Edinburgh International Film Festival

Sun Don't Shine (2012)

Starring: Kate Lyn Sheil, Kentucker Audley, AJ Bowen, Kit Gwin

Directed by: Amy Seimetz

Rating: 1 2 3

Kate Lyn Sheil as Crystal and Kentucker Audley as Leo in Sun Don't Shine

A young couple are scrapping on a beach. The girl, Crystal (Kate Lyn Sheil), lies down for a rest; her boyfriend (Kentucker Audley) studies a map. They’re on the run in Florida. They have a dead body in the boot of their car.

This low budget indie American road movie throws us into media res so sharply that at first I wondered if the reels had been put on in the wrong order. (Are films even on reels any more? Probably not.) But then, that’s the nature of dreams, and Sun Don’t Shine is based on a dream (or nightmare, rather) of director Amy Seimetz.

This doesn’t surprise me, as, creepy as it may sound, I’ve had several similar dreams, in which I have to dispose of a dead body, a terrible burden of fear and guilt hanging over me, just like the nightmarishly oppressive atmosphere that pervades the action of Sun Don’t Shine, as close and cloying as the swampy Florida air.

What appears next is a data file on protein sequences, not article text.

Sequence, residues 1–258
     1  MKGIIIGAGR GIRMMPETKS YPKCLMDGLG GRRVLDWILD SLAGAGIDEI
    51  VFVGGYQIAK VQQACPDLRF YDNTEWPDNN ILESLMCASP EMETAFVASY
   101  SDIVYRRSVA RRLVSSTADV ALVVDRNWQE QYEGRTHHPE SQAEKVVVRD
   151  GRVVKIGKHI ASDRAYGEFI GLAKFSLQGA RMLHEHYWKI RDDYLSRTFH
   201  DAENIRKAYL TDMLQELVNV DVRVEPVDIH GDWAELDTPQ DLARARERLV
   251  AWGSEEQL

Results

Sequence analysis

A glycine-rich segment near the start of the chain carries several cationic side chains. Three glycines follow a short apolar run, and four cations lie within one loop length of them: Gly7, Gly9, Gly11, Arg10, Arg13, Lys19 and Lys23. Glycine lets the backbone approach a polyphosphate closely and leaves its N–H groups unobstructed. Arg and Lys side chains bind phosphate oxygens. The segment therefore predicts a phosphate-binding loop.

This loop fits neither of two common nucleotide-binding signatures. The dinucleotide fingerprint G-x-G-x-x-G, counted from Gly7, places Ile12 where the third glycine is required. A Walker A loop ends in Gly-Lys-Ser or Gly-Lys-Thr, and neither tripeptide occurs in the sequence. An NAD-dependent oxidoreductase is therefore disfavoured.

In the dream I never see myself committing the crime, and likewise we never find out exactly what happened to Crystal’s abusive husband before the film began, but we know it can’t have been good.

The soundtrack buzzes and echoes and reverberates, cutting out altogether at moments of heightened stress before occasionally echoing those unmistakeable chimes we recognise from Badlands and True Romance, the sound of young lovers on the run. Sadly, this only serves to emphasise the gulf between any whispered romantic notions Crystal may harbour about the new relationship she’s slipped into, and the volatile, desperate reality.

Dreamlike, hazy and uneven, Sun Don’t Shine, like yesterday’s Edinburgh International Film Festival opener, Killer Joe, seems more anchored in the 1970s than the 21st century; part road movie, part hypnotic psychological study of a woman in crisis.

While not entirely my cup of tea (it’s a little too self-consciously indie for my plebeian tastes, with a few too many mumbly voiceover/shaky cam meanderings), it’s nevertheless a hugely interesting film, with some impressive performances from an unknown cast. Catch it if you can.

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